Helping kids to grow their own food - Sow, Grow, Munch.

As someone who grows vegetables and helps others to grow them for their own restaurants I still get really excited by the freshness and flavour that comes from something that’s just picked, that can’t be bought.

Not only is it sustainable in terms of food miles, lowering our carbon footprint and encouraging biodiversity - it connects people to the land, their environment and more importantly where their food comes from. Our food system, and the ingredients that we use do not have to be as complicated as they have become.

Michael Kelly from GIY Ireland has a name for this – “food empathy” - a deeper understanding of food, where it comes from, how it is produced, and the time and effort required.

When a person who grows their own food engages with the food chain, they make different buying decisions as a result of their food empathy – they buy more seasonal, local and organic food - which can only be a good thing for our whole agri-food sector.

My guide to growing food in schools, Sow, Grow, Munch began as an idea following on from my work in developing a Restaurant Growing toolkit, commissioned by Belfast Food Network. I didn’t have much experience of working with children but, with hindsight, I’ve discovered that chefs and children are very similar, except that children don’t pretend to know everything and do ask lots more questions. I speak from experience, of course, as the wife of a chef!

I researched what resources were available online, I spoke to teachers, I saw lots of schools with raised beds and growing areas, many of them unused, unproductive and weed-ridden. Worse maybe, some were used, with the grown produce ending up on the compost heap.

I now know that lots of primary schools do not have kitchens, and that there are many really interested teachers who would love to grow veg with the children but didn’t know where to start. I know that time is an issue, that resources are very limited, and that gardening needed to be simplified and demystified, and linked back to diet and local food. To be given a value within the school, notwithstanding very committed teachers, growing food also needs to be relevant to the curriculum or an environmental initiative.

The school growing season is completely different. The things which chefs would want to grow are different from what a family might grow. They’re both different from what school children would be able to see – the tangible results from a season interrupted by two months of summer holidays. However, that is the challenge and the wonder of nature – there is so much that can fit, that will appeal to this target market.

2016 is the designated Year of Food and Drink in Northern Ireland and yet food poverty is a huge issue. Food poverty is not only about a shortage of food but about having the right things to eat; some children have an abundance of highly processed and nutritionally bereft food and suffer the effects of a poor diet..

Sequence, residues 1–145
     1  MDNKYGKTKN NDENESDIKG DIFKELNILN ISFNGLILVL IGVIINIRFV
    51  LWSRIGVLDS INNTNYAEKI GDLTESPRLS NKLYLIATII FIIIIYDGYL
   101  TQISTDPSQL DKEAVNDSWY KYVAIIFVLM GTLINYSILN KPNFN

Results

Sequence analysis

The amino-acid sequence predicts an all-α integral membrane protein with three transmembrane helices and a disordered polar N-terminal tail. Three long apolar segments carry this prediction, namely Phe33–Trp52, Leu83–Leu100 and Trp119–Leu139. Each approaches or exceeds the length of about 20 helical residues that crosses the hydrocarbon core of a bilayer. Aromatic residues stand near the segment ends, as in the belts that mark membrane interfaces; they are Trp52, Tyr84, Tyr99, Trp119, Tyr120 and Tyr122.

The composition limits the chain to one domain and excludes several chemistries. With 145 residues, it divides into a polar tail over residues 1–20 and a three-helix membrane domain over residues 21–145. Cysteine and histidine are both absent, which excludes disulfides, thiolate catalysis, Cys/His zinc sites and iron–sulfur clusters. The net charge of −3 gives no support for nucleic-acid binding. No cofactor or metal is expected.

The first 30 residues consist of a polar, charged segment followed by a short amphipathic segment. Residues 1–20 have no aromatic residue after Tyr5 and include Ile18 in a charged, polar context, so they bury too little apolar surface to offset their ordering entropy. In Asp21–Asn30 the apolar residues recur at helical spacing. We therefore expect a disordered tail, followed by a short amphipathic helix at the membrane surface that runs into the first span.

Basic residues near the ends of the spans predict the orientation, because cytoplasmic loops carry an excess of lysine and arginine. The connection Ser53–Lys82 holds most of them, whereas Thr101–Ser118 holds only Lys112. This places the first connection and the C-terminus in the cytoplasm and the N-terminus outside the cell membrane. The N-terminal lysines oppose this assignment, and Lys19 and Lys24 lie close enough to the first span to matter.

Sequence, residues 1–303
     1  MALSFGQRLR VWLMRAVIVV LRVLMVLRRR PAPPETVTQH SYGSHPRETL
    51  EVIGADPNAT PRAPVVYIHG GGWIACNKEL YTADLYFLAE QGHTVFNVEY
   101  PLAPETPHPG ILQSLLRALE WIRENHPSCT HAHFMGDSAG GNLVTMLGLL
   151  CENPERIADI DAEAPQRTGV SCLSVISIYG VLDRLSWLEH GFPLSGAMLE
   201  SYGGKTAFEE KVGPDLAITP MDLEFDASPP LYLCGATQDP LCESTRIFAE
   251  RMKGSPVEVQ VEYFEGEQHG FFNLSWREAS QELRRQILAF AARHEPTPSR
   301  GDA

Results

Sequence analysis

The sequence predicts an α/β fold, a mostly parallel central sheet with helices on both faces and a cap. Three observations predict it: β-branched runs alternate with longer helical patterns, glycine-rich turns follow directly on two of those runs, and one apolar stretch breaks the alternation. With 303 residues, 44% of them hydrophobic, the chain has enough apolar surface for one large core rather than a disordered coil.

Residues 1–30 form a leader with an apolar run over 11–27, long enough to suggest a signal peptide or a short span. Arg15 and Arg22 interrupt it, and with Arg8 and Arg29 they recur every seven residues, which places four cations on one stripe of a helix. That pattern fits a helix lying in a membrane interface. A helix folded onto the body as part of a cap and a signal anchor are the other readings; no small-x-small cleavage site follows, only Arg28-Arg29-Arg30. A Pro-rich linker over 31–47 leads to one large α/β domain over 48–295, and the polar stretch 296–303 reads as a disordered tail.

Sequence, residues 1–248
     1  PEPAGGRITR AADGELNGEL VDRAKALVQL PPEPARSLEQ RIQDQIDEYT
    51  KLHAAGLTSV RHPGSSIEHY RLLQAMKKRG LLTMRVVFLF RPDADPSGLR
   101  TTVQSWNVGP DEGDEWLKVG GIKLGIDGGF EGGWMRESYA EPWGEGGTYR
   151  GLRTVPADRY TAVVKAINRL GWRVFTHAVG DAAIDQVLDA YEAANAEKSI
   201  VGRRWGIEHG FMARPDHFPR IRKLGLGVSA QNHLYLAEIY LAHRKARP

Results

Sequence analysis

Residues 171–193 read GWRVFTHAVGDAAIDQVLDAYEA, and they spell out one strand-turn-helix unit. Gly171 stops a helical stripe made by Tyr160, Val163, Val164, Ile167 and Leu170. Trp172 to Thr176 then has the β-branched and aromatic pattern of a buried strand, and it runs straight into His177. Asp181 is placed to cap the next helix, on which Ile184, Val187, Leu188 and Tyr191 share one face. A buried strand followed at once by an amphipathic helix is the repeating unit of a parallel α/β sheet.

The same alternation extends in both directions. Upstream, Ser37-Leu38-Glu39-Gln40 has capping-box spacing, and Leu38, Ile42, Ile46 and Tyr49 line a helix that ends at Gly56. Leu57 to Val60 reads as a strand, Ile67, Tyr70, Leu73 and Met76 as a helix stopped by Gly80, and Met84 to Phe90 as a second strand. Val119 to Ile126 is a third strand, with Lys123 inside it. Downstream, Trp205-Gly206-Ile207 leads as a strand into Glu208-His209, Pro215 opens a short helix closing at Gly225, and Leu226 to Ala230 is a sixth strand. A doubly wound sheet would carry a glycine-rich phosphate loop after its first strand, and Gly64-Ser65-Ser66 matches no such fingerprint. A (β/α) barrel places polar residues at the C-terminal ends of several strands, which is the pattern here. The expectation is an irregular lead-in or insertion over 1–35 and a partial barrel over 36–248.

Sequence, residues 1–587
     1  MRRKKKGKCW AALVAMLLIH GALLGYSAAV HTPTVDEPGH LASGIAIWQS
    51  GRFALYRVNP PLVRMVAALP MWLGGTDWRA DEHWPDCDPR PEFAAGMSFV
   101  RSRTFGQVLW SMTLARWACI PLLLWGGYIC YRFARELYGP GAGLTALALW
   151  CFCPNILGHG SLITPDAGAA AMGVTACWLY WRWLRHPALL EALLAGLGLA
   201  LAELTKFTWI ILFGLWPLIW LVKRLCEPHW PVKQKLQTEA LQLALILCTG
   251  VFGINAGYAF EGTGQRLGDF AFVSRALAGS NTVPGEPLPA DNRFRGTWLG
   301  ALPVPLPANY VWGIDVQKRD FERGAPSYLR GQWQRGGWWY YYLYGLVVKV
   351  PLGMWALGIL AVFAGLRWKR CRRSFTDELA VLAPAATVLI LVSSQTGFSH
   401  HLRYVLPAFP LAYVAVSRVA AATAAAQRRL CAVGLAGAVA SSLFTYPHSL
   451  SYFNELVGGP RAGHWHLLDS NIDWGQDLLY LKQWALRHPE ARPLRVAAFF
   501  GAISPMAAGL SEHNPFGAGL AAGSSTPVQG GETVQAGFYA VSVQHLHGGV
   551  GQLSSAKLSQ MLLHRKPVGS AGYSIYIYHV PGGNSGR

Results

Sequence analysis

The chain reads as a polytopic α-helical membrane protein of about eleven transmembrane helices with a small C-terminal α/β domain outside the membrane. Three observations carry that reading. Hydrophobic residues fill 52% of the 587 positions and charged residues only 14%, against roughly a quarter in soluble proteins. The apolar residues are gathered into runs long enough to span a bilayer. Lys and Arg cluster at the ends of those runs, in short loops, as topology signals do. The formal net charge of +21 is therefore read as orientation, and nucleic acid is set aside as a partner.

I’ve tried to address this issue with simple recipes recipes; most of the ingredients can be bought in a corner shop, convenience store or supermarket. Cooking from scratch simply and quickly with raw ingredients and minimum effort can be very empowering for both parents and children. It can also save a lot of money. It’s about natural eating with basic ingredients which are grown locally, and are cheap, particularly in season. I make no apology for the use of butter, milk and cream, and never margarine!

I am completely indebted to my “magnificent seven” sponsors, local food industry companies and organisations who believed that food education was important enough to pay for design, print and some promotion. I am also grateful for the help, support and advice I received and continue to receive from people within the Belfast Food Network, including members of the Food in Schools Forum, ESDF, and CCEA.

I hope that Sow, Grow, Munch achieves its aim of being a how-to guide for schools, children, teachers, parents, educators and community groups - for anyone who ever thought that they might like to grow their own fruit and vegetables. It’s a starting point for what could be a fantastic and fun food journey.

As it says in Sow, Grow, Munch, we owe it to our children to at least inform them in simple terms where their food comes from, who produces it, how it is produced and give them enough knowledge to inform their food choices through life.

To download a copy of Sow, Grow, Munch, click here.

Jilly Dougan